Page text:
The waters are running high on Toronto Island.
Widespread flooding means visitor ferry traffic has been halted. All park permits through June 30 have been cancelled. There’s talk that the island will remain closed to the public well into the summer.
As a result, idyllic weddings have been cancelled. The school is closed. More than half the buildings on the island are at risk of damage. Carp are literally swimming atop the Gibraltar Point baseball diamond.
Meanwhile, back on the mainland, the response at city hall has been a little, well, fishy.
Because — don’t kid yourself — this is no aberration. The kind of extreme rainfall that led to this flooding was ably predicted by those familiar with climate change. Look no further than a city hall report titled “Toronto’s Future Weather and Climate Driver Study” from way back in 2011.
“Extreme rainstorm events will become more extreme,” the report declared, using data to project weather patterns through 2050. Their numbers suggested Toronto’s daily rainfall will increase threefold over the coming decades.
With the island underwater and storms that flood the Don Valley becoming a perennial summer event, those projections are looking pretty solid right now.
Last Tuesday, while island waters were still rising, Mayor John Tory pushed his executive committee to shelve a report on stormwater management. The report would have led to recommendations on a fee charged to owners of parking lots and other large impermeable surfaces, with the rationale that they significantly increase the odds of flooding.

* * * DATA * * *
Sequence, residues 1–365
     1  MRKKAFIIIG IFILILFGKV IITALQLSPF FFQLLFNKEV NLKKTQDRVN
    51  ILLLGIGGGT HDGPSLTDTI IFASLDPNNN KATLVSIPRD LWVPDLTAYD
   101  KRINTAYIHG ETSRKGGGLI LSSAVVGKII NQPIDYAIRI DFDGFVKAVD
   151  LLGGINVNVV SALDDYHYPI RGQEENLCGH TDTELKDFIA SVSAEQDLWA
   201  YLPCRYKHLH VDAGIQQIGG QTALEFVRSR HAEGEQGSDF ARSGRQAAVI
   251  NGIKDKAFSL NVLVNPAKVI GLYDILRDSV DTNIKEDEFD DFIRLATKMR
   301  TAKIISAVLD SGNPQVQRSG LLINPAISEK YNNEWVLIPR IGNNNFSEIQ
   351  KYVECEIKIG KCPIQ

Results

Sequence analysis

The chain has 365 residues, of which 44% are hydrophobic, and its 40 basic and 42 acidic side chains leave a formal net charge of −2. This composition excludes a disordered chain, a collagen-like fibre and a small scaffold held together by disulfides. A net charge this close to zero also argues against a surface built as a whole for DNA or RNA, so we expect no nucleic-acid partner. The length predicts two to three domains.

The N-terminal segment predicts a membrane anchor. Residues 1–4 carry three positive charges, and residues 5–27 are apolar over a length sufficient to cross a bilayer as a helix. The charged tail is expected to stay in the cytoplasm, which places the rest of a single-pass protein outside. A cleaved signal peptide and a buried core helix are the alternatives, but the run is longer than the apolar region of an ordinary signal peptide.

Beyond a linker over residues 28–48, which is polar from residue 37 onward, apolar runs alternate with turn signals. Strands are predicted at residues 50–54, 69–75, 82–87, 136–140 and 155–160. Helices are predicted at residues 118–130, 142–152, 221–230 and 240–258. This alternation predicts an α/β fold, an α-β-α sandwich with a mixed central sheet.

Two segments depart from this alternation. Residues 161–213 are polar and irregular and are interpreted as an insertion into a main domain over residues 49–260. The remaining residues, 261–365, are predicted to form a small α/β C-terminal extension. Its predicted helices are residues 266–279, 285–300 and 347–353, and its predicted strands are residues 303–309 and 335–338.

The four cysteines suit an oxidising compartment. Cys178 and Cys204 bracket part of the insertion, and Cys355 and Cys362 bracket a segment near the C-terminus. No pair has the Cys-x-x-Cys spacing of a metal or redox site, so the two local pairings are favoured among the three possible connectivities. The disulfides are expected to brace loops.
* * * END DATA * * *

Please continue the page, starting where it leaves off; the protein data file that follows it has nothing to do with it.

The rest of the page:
A small shift, but an important one in the context of extreme rainfall. But Tory’s committee nixed it, citing the complexity of implementing the fee.
A similar thing happened back in February during the city’s budget debate, when council voted against a motion by Coun. Gord Perks to fund climate-change mitigation programs through Toronto’s TransformTO initiative.
You wouldn’t think it would be so hard to get elected officials to do something about a threat to the homes and lives of their constituents.
For the most part, the city’s climate-change strategies are simple. In the short term, they’re about building infrastructure to adapt to new conditions, so floodwaters aren’t so destructive and energy use is more efficient.
In the long term, Toronto adapting to climate change means pursuing things that the city should be pursuing, even absent an apocalyptic threat. The latest TransformTO report lays out a vision for a low-emission Toronto, with cars banished from large swaths of downtown, a sprawling transit system and efficient housing that enables people to live close to work — close enough to walk or bike.
It’s a worthy vision, but achieving it means Toronto must take steps today to show that addressing climate change is a top priority.
To date, despite volumes of study, accurate weather projections and those carp on the baseball diamond, that hasn’t happened. Which leaves me wondering: exactly how deep underwater does Toronto need to be before our leaders get serious?
This post was originally published at http://www.metronews.ca/views/toronto/torys-toronto-matt-elliott/2017/05/23/toronto-extreme-weather-climate-change-preparation.html on 2017-05-23T00:00:00.000Z